We’ve woken to some chilly mornings since we arrived in the UK a month ago — the horizon, filled with a thick icy fog and the fields outside our door, dotted with frost-covered fleece.
And while we have lots to accomplish, there are days when all we can do is wait (…for phone calls…for appointments…for answers…and so on). Yet, when the world outside is icy and all your earthly belongings are floating their way across the Atlantic Ocean – passing the time requires a bit of improvising. This feels especially true when little ones are (still) out of school and noisily underfoot.
Here’s what we got up to yesterday…
Perhaps I’ve been hiding under a rock, but I never realized that rice pudding had it’s own special rice. I’ve always used medium grain and been pretty happy with the result. After finding proper “pudding rice” at the grocers, I decided to conduct a little rice pudding taste off (an idea everyone seemed in favor of). Recipe number one came from here (a long-time family favorite). The second was prepared “the French way” (as we call it). I found Recipe number two here. Hard to say which batch was the clear winner…as there was much back-n-forth gobbling going on. I think I still prefer the former…or was it the latter?? They’re both good (and frankly, rather similar).
Does every little girl (and boy?) go through a phase when they like styling/playing with hair? Wynn keeps asking for one of those plastic, long-haired doll-head-things, and I keep reminding her that now is not the time to acquire bulky new toys that require their own suitcases. Plus, who needs pretend hair when your mama (and sister and self!) has the real thing? Yes – I’ll admit, I’m a ready volunteer, as I (not-so-secretly) love when she plays with and styles my hair. I consider it a perk of having both long hair and daughters.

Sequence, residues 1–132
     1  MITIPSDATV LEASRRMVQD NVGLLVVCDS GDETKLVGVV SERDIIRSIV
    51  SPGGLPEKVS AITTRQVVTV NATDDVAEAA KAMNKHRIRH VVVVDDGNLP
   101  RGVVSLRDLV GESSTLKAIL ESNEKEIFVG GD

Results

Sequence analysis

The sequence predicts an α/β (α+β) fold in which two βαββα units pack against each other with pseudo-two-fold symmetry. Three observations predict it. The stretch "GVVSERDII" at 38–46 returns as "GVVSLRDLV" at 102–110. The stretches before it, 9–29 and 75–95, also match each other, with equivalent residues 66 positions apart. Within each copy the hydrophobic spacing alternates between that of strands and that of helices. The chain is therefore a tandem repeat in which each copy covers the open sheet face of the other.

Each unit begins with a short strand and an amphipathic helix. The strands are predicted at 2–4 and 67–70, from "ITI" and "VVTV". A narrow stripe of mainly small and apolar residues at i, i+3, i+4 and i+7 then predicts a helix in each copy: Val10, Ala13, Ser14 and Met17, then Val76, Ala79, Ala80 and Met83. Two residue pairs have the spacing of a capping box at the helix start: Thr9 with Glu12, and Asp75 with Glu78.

However, what she’s really in love with and could do for hours on end is braid. At home she would braid ribbon and floss and twine and yarn. Here, on the farm, far from the colorful strands that fill our currently-in-transit craft box – there is no such ribbon or floss, twine or yarn.
So we decided to make some braiding materials with plastic bags. Have you ever done this before? We’ve made bracelets and key chains using this technique. Simply cut the plastic bags into thin (or thick) ribbons. I cut horizontal strips. At the moment she just uses three…but I’m sure braids of 6 and more are in her future.
And finally, we’ve been digging deep into our recycling box these past few weeks – searching for both fun and functionality. We have found at least twenty uses for all-things-Tetra-Pak — which is the brand name for those waxy, watertight boxes that carry juice ‘n soup ‘n stock ‘n such.
These are entirely up to the task of drying kitchen utensils, holding paintbrushes (and water), playing in the bath with and (most recently) they come in very hand for carrying snacks in the car.
And since the UK is a place of many (many) coins, we also needed another change purse. So we decided to make one using this (easy) technique.
* I struggled to find a glue that would hold to the waxy surface. Even powerful and “waterproof” Locktite couldn’t manage it. In the end, I had to strip away some of the wax, to reveal the cardboard underneath – then gluing was no problem.
Just another pajama day on the farm. I’m certainly trying to enjoy these slooooow days, since I know there’s craziness on the horizon. But thankfully, that’s not today.
And usually, by the time we’re done crafting from within – the world outside has warmed up enough for us to venture out and begin another day.